Travel fatigue - we tried to be yes people and failed

Author Carina Klein
· 5 min read · 4 comments

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Tired of traveling? You’re not alone. This is he story of our travel fatigue - and how even adults have to deal with homesickness abroad…

Disclaimer: This blogpost is much more personal than our usual itineraries and travel ideas. This is our story rather than a guide. Maybe it helps some of you…

Travel fatigue is more than being travel tired. It does not go away after a good night of sleep, some exercise, or a healthy meal. It can stay with you for weeks and spoil the whole experience. And it often comes with another topic that is not often talked about: homesickness in adults.

Our travel fatigue story

Travellers’ fatigue hit us in our third month of travel - and we have met a lot of travellers who have confirmed this time frame. Before we were struck by travel fatigue, we didn’t think such a thing was possible. We had vowed to be yes people, to seize the day, and to live life to its fullest.

Diagram of us being yes people
We tried to be yes people and failed

Our symptoms of travel fatigue

In our case some of the symptoms were:

Lack of energy

  • to research things to do
  • to do things
  • to figure out where to go next

—> When you’re exhausted, you do not visit all the places you want to visit, both in a country and in a city. This can lead to a circle of you being even more frustrated with the trip and so on.


  • finding it increasingly hard to communicate in our non-native language
  • not wanting to get to know new people
  • craving western food
  • missing friends and family

—> When you find it hard to meet new people, it gets even harder to combat homesickness. Travel fatigue and homesickness can be quite a vicious circle.

Picture of pizza and red wine in Nicaragua
Pizza and red wine in Nicaragua

Things we have tried against travel fatigue and failed

There are several guides online on how to tackle travel fatigue so of course, we tried some of their tips.

Pick a Place and Stay There

We said yes to two amazing travellers, who wanted to join forces to travel the Caribbean coast of Nicaragua. One of the highlights of the whole trip was staying on Little Corn Island for two weeks in an attempt to recharge our batteries. The stay was amazing, unfortunately, our batteries remained uncharged.

Assess Your Current Country & Consider Moving On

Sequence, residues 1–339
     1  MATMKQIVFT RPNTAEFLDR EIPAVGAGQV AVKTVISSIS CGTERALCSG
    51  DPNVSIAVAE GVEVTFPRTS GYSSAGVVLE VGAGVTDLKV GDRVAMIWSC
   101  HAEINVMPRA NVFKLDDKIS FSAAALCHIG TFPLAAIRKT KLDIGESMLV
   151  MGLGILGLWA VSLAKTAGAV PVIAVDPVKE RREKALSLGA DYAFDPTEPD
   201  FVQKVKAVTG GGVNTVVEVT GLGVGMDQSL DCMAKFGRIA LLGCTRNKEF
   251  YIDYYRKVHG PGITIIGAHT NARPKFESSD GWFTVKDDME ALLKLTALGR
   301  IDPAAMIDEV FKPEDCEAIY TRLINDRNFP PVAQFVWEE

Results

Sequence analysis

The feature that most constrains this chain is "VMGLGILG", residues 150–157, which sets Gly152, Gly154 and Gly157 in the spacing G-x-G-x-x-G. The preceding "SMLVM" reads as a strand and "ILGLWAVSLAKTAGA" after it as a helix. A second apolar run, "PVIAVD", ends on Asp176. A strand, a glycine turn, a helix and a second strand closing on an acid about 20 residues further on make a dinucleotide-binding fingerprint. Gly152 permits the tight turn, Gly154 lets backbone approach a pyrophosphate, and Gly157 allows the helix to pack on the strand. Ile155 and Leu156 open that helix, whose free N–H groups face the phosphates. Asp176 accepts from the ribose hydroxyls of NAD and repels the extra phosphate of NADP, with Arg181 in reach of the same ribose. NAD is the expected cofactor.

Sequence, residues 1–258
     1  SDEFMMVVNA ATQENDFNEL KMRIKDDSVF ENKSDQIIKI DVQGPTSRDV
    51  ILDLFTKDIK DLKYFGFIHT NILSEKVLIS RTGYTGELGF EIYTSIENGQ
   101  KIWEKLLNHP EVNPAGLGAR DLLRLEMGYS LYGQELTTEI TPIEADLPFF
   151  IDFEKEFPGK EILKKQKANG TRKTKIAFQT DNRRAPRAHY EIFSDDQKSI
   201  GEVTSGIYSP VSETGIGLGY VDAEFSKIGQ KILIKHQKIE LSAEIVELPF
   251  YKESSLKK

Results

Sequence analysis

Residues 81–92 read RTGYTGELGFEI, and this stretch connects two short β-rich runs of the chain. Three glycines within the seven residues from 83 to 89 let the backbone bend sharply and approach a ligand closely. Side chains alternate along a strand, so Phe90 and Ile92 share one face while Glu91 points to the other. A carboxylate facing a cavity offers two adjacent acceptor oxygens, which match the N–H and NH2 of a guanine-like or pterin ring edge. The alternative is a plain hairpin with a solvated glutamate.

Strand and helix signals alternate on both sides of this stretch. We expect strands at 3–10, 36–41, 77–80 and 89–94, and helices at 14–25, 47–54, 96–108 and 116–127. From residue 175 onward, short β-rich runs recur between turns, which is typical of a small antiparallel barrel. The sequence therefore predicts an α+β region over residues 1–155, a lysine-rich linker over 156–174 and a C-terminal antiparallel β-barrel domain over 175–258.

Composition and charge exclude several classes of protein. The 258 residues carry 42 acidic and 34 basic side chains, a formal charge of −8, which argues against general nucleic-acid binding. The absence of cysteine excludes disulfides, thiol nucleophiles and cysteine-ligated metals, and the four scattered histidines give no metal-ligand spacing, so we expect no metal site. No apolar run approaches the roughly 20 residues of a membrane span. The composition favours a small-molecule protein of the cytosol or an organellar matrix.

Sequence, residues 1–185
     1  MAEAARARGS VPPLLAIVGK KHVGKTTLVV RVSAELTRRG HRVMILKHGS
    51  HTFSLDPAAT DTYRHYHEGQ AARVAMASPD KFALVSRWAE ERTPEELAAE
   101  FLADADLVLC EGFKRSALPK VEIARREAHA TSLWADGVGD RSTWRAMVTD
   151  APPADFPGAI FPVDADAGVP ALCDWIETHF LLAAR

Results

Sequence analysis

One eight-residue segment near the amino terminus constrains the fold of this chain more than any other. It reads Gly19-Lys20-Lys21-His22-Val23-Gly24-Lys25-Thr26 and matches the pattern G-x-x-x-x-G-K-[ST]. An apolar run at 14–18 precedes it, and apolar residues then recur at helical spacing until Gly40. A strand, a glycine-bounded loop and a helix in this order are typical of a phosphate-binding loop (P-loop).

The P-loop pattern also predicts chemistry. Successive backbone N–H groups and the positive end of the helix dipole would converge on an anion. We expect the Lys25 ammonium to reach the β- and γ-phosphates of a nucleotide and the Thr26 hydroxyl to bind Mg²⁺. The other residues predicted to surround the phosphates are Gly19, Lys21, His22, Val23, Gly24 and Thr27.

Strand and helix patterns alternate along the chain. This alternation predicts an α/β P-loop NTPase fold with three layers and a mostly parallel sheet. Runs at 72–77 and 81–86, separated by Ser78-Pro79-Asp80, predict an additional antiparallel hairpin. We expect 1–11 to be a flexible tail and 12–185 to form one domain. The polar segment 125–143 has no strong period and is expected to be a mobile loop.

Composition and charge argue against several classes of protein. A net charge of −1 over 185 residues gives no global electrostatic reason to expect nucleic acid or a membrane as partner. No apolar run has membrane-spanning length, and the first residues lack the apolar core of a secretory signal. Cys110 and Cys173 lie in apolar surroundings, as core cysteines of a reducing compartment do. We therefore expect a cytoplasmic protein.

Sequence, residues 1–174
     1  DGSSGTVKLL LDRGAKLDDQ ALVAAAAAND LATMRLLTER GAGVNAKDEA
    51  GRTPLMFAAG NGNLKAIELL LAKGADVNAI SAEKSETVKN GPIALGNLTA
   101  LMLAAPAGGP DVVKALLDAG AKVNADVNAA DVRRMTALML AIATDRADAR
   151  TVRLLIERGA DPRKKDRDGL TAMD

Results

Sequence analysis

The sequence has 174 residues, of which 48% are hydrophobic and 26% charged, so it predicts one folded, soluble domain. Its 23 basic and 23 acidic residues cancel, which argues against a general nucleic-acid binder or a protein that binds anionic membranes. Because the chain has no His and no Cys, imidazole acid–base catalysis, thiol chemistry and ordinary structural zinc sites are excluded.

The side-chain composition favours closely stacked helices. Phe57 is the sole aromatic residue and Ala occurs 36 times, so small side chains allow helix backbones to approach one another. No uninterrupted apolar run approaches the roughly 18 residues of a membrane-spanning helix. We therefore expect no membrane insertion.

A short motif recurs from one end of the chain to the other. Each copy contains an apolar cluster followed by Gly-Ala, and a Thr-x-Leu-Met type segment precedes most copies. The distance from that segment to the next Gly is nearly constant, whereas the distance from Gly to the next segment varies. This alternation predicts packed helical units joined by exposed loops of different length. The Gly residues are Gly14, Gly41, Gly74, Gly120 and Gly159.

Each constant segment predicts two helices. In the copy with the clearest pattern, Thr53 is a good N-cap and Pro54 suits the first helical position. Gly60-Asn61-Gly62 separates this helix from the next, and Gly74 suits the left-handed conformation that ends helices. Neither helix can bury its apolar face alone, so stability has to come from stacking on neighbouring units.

Of course, we tried the next tip on the list: If Nicaragua could not recharge us, maybe moving on to Costa Rica could help? Spoiler: It could not.

Tag along with other travellers

In Costa Rica, we tried something new: Normally, we like to travel on our own schedule. We like to do and see what we want when we want it. At this point, the lack of energy was so prevalent that we tagged along with a group of people we met on our first day in Costa Rica throughout the whole country - definitely a first. This led to great adventures (I am super happy that we said yes to join them in the Corcovado National Park) as well as some fails (we should have never joined a group of young, better-trained people on a bicycle tour in Puerto Viejo 🙈).

Saying yes

Sometimes, we tried to just say yes and it failed. We tried to push ourselves and just go out and had a miserable time. We tried to meet new people and it just didn’t vibe. We tried to explore something new but just did not fully take advantage of the amazing place.

Saying yes does not lead to a magical array of good things happening. Life is not a movie. And that's okay.

Picture of a bike in Puerto Viejo
Bicycle tour in Puerto Viejo, Costa Rica

What we should have done instead

We should have realized that long-term travel is not for everyone and come home. We should have just said no. It’s weird that this seems to be the one solution which is not really socially acceptable. If you are looking for advice online, most people will tell you just to tough it out and power through. It seems like an admittance of defeat to say we should have just stopped - in fact, we even considered not releasing this blogpost.